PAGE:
First-generation Americans preserve culture by dancing Folklorico

While every culture and language might be different, there is one thing many have in common: dancing.

Dancing is known as a universal language for many, but for the Oyamel Folkloric Dancers, dancing Folklorico is a way for them to preserve their culture and they celebrate their heritage year-round.

“Everyone just learns more about the culture; we do it all year round. It’s fun,” said Mariana Cortez, Oyamel Folkloric dancer.

Folklorico is traced back to the ceremonial and social dances of indigenous people living in Mexico. When the Spanish conquistadors arrived in Mexico, they brought their music and dances. Even after Mexico’s independence from Spain, immigrants from all over the world influenced their music and dances, so every region and state of Mexico has various styles of Folklorico.

“There are just different steps. Different zapateados, different turns, and it varies based on the region, some regions move their skirts, there is a different faldeo, which is skirt movement,” said Monteen Alyse, Oyamel Florkloric Dance instructor.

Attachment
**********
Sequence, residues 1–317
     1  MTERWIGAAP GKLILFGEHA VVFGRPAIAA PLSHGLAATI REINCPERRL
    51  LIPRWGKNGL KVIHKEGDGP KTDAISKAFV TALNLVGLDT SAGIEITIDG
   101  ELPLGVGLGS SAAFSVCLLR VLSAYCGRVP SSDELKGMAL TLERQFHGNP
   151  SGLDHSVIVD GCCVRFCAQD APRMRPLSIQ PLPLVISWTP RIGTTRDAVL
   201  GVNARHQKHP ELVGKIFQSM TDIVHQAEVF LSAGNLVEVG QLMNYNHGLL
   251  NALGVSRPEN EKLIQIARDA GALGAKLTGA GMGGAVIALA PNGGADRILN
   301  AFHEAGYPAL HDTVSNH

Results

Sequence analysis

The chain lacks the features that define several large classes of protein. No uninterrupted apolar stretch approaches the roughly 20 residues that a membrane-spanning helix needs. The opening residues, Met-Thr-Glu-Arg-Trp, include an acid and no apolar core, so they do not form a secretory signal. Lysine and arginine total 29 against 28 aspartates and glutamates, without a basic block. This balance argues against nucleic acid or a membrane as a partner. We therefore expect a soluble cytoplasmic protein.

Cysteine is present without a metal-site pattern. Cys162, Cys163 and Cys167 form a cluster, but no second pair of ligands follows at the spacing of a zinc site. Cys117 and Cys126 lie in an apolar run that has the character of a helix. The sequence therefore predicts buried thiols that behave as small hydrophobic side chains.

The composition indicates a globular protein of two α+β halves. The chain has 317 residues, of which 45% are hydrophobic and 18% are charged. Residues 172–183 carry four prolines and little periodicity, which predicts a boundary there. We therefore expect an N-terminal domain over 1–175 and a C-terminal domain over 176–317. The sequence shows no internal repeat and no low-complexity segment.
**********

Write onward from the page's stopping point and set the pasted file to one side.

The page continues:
The name Oyamel represents something special to these dancers. Oyamel is a forest in the Central Mountains of Mexico, home to the monarch butterfly migration. Most of these dancers are first-generation Americans and endure difficulties and changes throughout their lives, similar to the butterflies.

“I like dancing because it’s part of my culture, and my mom used to do it. So I’m following her steps,” said Adrian Tapia, Oyamel Florkloric Dancer.

For these dancers, dancing is a social event that brings friends and family together and an emotional connection to their ancestors’ music and traditions.

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